Questions I Ask Myself as a White Researcher

Image of question marks

September 21st, 2020

Eli Tucker-Raymond is currently a Co-Principal Investigator on the Developing a Network to Coordinate Research on Equity Practices and Cultures in STEM Maker Education project (NSF #2005898), the first Research Coordination Network funded by the Advancing Informal STEM Learning (AISL) program and the recent recipient, with coauthor Brian Gravel, of the Society of Professors of Education Book Award for their 2019 STEM Literacies in Makerspaces, Implications for Learning, Teaching and Research book, based on work from NSF award (#1422532) of the same name.


I am an education researcher working at the intersections of STEM, literacy, and the media/arts. From time to time, I am asked what it is like to be a white male doing research with Communities of Color and how I see myself in relation to this work. Ever since I worked as a classroom teacher, early in my career, I have always felt that the larger purpose of my work ( teaching, researching, and designing learning spaces) was to promote racial equity. Some efforts have felt more successful than others, but every experience has shown me that equity is both a process and an outcome.

My purpose as I write this reflection is to share some questions I ask myself when I am engaging in research with my colleagues. I think it is important to acknowledge my identity as a white male and my assumption that others see me that way also. But, rather than focus on my whiteness here, I want to propose some things that white researchers can do to support struggles for freedom and high-quality learning opportunities in and out of school with Communities of Color. I am a qualitative researcher and activity/setting designer, so what I suggest is applicable to those kinds of work, although it may be applicable in other contexts as well.

I’m writing this as a sole author so that it’s clear that I am speaking for myself. I realize that this approach may again evoke erasure or marginalization of People of Color, and others, those who taught me to ask these questions. However, I think it can also be helpful to hear from white people about how they translate the work for themselves. It’s important to note that I don’t work independently in a vacuum. I’d like to express my profound gratitude to my colleagues, who are my heroes, for doing this work with me and for helping to keep me honest about when I get it wrong (and right). With every project, I continue to learn about how I can be a better researcher as a white person who cares about racial equity.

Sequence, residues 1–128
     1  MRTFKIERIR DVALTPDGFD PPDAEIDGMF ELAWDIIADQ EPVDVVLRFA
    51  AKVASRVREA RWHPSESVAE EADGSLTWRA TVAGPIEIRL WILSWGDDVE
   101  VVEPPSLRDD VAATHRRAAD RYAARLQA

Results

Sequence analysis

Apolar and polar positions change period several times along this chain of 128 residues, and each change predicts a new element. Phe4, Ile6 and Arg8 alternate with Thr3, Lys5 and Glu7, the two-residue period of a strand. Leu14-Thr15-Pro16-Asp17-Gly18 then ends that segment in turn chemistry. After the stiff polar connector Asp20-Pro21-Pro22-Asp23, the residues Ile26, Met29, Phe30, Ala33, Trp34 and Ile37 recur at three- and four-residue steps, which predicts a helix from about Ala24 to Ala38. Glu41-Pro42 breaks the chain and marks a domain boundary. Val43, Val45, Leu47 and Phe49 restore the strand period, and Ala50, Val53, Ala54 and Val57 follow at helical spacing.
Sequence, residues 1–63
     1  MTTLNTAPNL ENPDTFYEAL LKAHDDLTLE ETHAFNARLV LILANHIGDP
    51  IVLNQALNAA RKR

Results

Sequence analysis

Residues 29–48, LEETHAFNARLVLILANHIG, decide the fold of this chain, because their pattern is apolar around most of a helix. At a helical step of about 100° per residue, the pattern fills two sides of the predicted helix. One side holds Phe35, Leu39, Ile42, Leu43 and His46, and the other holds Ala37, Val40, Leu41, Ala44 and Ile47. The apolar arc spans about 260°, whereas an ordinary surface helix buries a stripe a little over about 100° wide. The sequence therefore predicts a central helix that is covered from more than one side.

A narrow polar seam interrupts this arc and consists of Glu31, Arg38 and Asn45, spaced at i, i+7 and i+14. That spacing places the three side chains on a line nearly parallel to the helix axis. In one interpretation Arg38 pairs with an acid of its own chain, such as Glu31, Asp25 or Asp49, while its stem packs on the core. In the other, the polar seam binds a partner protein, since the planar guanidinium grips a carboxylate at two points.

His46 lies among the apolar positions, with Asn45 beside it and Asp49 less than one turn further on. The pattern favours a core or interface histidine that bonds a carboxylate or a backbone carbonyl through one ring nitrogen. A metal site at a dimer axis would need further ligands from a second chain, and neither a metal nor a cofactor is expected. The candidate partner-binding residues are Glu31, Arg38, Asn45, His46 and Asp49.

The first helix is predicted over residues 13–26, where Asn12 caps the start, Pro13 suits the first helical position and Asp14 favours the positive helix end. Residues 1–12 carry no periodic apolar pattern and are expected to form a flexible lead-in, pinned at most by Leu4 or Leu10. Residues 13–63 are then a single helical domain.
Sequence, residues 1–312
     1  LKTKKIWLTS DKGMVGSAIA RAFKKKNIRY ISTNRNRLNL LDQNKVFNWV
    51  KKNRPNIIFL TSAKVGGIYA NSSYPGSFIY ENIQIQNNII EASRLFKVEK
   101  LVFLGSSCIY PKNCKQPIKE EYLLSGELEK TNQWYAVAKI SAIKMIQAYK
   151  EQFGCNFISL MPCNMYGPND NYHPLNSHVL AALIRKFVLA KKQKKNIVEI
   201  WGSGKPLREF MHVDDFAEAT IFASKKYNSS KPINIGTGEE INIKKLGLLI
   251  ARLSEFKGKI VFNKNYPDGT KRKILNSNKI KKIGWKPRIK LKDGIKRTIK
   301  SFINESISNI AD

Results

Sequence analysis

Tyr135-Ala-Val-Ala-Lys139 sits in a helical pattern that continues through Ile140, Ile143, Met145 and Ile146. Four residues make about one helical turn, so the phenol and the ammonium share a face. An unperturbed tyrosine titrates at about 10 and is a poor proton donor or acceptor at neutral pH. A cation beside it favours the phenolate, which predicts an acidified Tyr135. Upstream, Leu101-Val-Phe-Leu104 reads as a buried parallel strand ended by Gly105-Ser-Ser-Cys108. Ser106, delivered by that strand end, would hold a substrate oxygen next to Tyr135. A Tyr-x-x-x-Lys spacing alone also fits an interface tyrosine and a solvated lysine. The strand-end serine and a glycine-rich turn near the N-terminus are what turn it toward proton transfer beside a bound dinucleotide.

Over time, I have developed a list of questions that I ask myself when engaging in research. In some cases, my years of experience have given me basic answers to the questions. Others continue to surface perennially. When I am working with new community partners, I try to have explicit conversations about what they bring to projects and where I may need help and the ways in which I see myself contributing. The questions have arisen in conversations with educators, students, and other researchers, some of whom are white and some of whom are Black, Latinx, and Indigenous scholars who have emphasized different dimensions of research relationships. Some questions have also arisen when I engaged with literature by Scholars of Color on decolonizing epistemologies and methodologies, critical race theory, and humanizing and dialogic education. A partial list of citations is at the end of this piece.